After last year’s Cannes Lions, I opined that there was not enough talk about what we were there to celebrate: great creativity. I’m pleased to report that this year there was much more talk of how to create winning content. But I was shocked – and maybe I shouldn’t have been – to learn that creative award-winning ads have never been less effective.
Nick Law of Publicis kicked off the week by arguing that the industry has lost its mojo. He decried the sins of separation of media from creative, the multiplication of media and platforms, yet hanging onto “ruinous” TV-centric big ideas. He argues that creatives should take control back of agencies, so we get real work and not loss-leading stunts.
A survey from the Financial Times suggests that the root cause of declining effectiveness comes from the client boardroom. It finds that only 20% of non-marketers feel brand strength is ‘very important’ in driving ‘increased profitability’. And over half of business leaders rate their knowledge of brand-building as average to very poor. This, combined with a significant shortening of marketing reporting cycles has led to a focus on short-term returns, even though they know that a balanced approach will deliver better commercial outcomes.
Peter Field also says that client short-termism is driving the decline in effectiveness. His analysis for the IPA shows that years ago, creatively awarded content delivered an average of ten times the results of unawarded work. Today it’s just four times.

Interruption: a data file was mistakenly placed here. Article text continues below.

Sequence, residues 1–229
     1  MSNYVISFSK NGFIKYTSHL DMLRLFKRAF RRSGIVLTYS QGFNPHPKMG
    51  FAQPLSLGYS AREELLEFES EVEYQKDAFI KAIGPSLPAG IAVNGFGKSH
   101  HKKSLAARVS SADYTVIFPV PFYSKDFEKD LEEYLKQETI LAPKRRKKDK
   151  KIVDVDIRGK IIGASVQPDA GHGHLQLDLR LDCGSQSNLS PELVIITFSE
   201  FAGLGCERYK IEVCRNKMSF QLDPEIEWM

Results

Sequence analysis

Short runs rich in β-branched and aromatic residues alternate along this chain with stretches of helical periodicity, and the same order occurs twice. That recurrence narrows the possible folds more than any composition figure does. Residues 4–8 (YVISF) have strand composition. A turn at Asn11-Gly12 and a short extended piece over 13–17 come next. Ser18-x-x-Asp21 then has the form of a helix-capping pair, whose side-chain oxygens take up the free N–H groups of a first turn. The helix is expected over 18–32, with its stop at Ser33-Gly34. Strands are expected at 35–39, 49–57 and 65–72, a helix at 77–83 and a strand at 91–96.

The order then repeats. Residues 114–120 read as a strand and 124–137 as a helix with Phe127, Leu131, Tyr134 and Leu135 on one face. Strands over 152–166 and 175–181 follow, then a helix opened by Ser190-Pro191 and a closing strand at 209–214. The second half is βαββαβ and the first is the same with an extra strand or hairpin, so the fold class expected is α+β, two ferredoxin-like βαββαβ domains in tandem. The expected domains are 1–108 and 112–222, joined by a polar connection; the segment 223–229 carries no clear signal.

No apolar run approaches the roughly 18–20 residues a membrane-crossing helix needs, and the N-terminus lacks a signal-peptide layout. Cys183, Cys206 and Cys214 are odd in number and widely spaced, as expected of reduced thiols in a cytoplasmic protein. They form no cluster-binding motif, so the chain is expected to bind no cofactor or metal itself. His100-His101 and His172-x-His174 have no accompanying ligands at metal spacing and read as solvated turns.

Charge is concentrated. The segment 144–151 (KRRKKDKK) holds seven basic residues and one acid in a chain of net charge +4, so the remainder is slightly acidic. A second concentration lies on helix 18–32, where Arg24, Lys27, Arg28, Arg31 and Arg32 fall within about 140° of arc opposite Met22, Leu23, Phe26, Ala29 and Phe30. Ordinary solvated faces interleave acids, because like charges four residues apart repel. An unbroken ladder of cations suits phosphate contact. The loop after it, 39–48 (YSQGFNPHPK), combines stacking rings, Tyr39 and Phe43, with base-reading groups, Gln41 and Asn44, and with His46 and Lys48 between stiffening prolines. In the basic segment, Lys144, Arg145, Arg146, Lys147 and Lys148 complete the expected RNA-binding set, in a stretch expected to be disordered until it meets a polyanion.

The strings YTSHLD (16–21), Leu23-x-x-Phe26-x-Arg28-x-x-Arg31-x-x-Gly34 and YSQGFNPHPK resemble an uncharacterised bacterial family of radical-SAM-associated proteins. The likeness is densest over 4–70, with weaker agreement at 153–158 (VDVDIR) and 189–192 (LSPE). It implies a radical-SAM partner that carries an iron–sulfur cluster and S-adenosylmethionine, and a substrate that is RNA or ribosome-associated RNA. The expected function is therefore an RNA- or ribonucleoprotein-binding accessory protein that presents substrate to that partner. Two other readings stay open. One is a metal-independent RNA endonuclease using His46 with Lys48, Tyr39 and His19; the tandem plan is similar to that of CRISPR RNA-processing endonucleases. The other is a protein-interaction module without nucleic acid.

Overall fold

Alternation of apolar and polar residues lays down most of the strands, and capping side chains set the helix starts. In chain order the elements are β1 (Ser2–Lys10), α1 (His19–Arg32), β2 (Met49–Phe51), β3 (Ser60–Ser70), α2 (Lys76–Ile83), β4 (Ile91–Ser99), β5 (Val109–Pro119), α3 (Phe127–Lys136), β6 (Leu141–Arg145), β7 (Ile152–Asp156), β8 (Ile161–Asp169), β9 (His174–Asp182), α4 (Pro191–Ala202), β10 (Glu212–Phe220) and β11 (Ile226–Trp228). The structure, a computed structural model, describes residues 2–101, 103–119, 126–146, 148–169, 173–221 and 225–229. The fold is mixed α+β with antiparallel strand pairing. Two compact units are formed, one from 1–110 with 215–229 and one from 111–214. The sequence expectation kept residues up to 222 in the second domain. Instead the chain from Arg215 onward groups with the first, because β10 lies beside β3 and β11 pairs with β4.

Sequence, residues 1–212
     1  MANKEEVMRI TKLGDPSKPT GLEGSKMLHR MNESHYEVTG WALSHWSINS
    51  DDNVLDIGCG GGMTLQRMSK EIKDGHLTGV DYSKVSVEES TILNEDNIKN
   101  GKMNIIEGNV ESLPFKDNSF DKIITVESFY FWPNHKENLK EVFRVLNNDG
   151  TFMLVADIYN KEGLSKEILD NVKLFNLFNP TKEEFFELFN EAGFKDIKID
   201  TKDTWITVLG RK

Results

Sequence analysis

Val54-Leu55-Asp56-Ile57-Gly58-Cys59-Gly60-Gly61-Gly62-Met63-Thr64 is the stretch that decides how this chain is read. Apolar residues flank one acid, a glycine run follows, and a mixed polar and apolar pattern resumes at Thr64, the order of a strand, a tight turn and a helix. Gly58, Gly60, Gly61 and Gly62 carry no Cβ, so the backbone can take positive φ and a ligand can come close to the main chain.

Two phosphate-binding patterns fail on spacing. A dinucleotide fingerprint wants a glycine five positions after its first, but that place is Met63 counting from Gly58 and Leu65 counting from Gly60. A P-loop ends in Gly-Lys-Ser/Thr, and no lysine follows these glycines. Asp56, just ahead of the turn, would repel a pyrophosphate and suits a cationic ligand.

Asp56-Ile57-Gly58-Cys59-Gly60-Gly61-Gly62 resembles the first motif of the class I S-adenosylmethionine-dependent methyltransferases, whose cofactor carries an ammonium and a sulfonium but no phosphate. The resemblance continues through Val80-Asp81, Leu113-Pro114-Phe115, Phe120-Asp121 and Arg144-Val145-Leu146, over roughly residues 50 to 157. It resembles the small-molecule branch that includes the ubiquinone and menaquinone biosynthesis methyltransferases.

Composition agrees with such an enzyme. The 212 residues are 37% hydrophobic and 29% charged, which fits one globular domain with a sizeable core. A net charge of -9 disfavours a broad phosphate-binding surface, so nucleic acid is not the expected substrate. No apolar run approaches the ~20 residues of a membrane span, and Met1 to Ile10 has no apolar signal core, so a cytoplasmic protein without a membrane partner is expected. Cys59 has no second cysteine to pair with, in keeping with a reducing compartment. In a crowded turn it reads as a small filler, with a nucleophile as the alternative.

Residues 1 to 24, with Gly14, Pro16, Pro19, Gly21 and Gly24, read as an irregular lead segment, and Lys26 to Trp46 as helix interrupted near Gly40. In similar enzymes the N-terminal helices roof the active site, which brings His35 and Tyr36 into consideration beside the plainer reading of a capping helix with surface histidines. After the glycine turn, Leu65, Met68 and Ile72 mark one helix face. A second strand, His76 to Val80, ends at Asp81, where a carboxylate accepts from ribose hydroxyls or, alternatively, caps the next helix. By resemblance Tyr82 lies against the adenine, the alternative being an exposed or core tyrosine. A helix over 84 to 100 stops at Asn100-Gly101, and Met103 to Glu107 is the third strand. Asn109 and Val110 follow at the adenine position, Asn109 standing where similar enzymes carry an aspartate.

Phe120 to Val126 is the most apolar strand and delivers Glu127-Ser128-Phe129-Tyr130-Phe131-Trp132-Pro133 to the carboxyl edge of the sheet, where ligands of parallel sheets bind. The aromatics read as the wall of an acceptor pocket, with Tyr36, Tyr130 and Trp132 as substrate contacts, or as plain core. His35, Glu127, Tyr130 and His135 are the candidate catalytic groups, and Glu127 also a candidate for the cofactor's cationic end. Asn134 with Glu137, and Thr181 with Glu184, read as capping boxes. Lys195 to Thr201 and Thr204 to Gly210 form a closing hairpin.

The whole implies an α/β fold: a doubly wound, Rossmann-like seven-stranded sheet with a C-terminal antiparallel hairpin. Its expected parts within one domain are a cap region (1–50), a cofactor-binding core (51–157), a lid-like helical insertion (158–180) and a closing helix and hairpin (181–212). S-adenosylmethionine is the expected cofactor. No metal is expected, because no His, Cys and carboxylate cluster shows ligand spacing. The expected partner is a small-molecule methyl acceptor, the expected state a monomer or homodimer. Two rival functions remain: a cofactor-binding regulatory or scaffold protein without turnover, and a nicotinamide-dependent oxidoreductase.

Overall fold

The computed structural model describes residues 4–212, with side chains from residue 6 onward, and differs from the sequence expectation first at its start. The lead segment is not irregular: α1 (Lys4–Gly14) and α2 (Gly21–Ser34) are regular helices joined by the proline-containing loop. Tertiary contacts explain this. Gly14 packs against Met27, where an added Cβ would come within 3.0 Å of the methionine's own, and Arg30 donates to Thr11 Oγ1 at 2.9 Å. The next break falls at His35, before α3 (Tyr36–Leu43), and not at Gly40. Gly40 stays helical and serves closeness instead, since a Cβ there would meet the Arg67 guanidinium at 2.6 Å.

I do agree that short-termism is in part to blame for the creative output that we’re seeing. There’s a perception that drive sales in the short term, you need to persuade. And to persuade, you need explicit and rational messaging. But Kantar has shown time and time again that it’s engagement at the service of the brand that will deliver for it in both the short and long terms.
However, I also believe that the problem of short-termism is exacerbated because a lot of Cannes Creative Lion winners do not highlight the brand. They are, of course, distinctive: that’s what gets them noticed and shortlisted by the jury that sits in a dark room for 66 hours, looking at over 3000 entries. There is absolutely nothing wrong with being distinctive. However, if that distinctiveness is not linked to the brand, you have nothing more than an engaging film.
I loved watching content at Cannes that drove distinctiveness by being bold and taking risks: look at some of the work from brands such as Gillette, Libresse, Wendy’s and Burger King, to name a few. I would encourage you to watch them as well. As you do so, ask yourself two questions. First, would you have dared to take such a risk? Second, is it creatively effective, by working for the brand, or rather just creative? And would your answer be the same if it was your own money?
What do you think? What is driving the decline in creative effectiveness?